Congrats to Bizzyblog for spotting more photo fraud from Lebanon, this time in the New York Times.
Something fishy’s going on in North Korea. Kim Jong Il hasn’t been seen in some time, supposedly because he’s in mourning over the death of his favorite concubine. Reports indicate that the cult of personality around Kim and his father may be eroding, and it’s certainly odd that portraits of the “Dear Leader” are reportedly coming down from very prominent places. Anti-Kim leaflets have reportedly been popping up in inconvenient places. Japanese politicians, who normally limit statements about their nutty neighbor to vague nothings, have begun to mention the possibility that change is in the air. The last Stalinist regime on earth might be quietly undergoing major internal power struggles.
Some speculate that a coup’s in the offing, spurred by China at America’s request (in return for a major concession in our Taiwan policy). I remain skeptical, so I’ll keep watching to see what else shakes loose. Let me know if you spot something pertinent.
On a related note, the demise of the nuclear bunker buster bomb project will figure prominently in the geopolitical calculations of our adversaries, especially in Iran and North Korea.
Again with the beheadings.
Today the Islamists have sawn off the head of Jack Hensley of Marietta, Georgia. Yesterday they sawed off the head of Eugene Armstrong of Hillsdale, Michigan.
I’m not surprised. Hopefully we’ll preserve our collective outrage over this, but I suspect this kind of thing’s already becoming blasé in our jaded and media-saturated culture. Amid all the outrage expressed in the blogosphere, I’ve noticed a theme that needs correcting if we’re going to keep the right perspective. My blogging brethren often express their fury with epithets like “animals” and “subhuman scum” when they refer to the evil men who saw off captives’ heads in the name of a “merciful Allah.” It’s understandable to use those labels, but it’s not right because it lets these evil muslims off the hook for their actions.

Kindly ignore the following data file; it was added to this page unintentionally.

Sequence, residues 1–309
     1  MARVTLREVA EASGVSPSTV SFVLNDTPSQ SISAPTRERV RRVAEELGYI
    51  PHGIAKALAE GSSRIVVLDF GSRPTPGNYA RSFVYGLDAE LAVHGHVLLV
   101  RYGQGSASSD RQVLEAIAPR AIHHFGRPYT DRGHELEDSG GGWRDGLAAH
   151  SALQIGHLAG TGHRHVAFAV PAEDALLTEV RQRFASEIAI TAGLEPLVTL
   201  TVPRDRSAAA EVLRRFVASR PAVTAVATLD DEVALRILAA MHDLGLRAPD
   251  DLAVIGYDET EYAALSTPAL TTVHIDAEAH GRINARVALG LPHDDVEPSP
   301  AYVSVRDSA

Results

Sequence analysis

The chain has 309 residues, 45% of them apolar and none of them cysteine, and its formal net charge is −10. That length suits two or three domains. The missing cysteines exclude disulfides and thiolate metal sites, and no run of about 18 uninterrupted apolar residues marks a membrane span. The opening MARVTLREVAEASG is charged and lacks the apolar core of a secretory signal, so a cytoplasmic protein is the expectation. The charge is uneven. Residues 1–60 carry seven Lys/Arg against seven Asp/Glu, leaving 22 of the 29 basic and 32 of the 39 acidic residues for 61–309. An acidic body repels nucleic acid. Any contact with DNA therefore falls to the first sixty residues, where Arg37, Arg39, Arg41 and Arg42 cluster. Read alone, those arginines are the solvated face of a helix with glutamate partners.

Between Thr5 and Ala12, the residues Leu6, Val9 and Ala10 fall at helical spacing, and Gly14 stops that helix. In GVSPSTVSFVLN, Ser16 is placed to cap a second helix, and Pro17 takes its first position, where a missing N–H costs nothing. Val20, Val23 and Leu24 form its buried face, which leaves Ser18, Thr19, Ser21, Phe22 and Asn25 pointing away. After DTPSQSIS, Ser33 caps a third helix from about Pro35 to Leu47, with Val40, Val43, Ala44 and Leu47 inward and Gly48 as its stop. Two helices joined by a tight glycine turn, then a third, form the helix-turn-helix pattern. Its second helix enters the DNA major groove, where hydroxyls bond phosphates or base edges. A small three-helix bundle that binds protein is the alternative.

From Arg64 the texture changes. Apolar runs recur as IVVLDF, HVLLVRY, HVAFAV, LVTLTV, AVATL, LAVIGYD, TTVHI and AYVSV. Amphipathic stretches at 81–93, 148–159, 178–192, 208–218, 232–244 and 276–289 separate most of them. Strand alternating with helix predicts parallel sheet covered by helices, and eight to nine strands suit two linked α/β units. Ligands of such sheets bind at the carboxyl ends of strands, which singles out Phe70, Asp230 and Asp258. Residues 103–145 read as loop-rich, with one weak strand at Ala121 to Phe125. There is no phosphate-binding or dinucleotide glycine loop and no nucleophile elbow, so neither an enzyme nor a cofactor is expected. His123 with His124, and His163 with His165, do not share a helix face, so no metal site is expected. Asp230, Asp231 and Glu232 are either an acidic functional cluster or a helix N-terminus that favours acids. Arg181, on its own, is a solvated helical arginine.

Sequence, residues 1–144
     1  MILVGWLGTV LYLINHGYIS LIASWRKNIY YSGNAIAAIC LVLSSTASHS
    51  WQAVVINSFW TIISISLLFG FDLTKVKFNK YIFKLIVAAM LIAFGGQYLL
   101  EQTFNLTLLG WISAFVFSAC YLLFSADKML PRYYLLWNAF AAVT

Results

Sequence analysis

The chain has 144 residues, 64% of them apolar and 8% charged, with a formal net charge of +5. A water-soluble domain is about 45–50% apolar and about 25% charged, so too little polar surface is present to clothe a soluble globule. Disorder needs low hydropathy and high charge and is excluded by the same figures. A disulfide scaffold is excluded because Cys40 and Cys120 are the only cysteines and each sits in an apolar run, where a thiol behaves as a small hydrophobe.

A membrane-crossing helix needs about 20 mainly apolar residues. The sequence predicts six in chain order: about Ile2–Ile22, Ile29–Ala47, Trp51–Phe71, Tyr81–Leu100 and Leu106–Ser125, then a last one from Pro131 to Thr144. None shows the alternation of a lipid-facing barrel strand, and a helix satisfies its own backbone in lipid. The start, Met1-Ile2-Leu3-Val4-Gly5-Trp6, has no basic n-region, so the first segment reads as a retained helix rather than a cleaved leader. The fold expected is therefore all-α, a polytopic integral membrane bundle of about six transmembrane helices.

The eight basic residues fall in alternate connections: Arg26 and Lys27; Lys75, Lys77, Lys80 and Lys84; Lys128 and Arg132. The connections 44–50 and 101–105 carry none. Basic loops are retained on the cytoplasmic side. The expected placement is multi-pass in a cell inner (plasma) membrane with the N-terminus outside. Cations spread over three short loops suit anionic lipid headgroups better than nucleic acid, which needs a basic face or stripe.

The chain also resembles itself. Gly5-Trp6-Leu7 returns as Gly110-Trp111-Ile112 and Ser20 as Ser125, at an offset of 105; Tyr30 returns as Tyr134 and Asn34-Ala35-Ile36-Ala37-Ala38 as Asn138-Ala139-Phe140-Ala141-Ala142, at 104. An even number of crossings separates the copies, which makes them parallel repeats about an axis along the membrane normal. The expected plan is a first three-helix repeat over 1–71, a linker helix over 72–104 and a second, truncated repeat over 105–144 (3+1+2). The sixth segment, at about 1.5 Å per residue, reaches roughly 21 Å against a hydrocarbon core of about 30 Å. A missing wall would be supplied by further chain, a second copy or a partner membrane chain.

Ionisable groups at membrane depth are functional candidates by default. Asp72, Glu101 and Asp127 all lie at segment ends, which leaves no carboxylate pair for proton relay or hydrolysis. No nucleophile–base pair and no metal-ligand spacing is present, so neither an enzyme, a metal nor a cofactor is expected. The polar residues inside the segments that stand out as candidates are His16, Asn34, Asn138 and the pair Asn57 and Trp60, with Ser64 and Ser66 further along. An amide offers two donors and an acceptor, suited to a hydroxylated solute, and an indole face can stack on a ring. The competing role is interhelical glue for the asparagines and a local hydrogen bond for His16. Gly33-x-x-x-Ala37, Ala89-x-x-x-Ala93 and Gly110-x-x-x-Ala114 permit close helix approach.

We feel anger when we find out about these slaughters precisely because these evil men are more than just animals. They’re people, and that means they know better. When a cougar mauls a child, we hunt it down and kill it without much passion because it’s a dumb animal with no sense of morality. When men shoot fleeing children in the back or saw off the heads of helpless civilians, they earn our undying enmity because they know they’re committing evil.
For you left-leaning readers who feel uncomfortable with arguments based on right and wrong, think of this from a legal perspective. The Model Penal Code (which forms the basis for many states’ criminal codes) breaks down most crimes into four categories, asking whether the perpetrator committed the crime negligently, recklessly, knowingly, or purposefully. If a man fires a gun through a flimsy backstop in his backyard and the bullet accidentally kills his neighbor’s child, we’ll likely prosecute him for negligent homicide. But we hold him less culpable than the man who recklessly fires his gun into the air and kills the child playing in her yard two streets over. Worse still is the man who fires his rifle over a crowd of children, knowing he’ll probably kill someone. Worst of all is the man who fires a bullet into a fleeing child’s back for the purpose of killing her. Even our legal system emphasizes degrees of culpability and the importance of the perpetrator’s state of mind. It’s about as close to moral condemnation as our relativistic legal system ever gets.
I think the moral argument and our inherent sense of right and wrong provides the strongest foundation for holding these evil muslims responsible as people who consciously choose to do evil. You might find the legal approach more comfortable. Either way, intentions count for a lot.
From now on, I’m going to try extra hard not to understate the depths that these men have sunk to. I’m not going to call them animals or subhuman scum; these muslim death cultists are evil, and that’s why I’ll smile when they die violent and painful deaths.
I hope my fellow bloggers will do the same.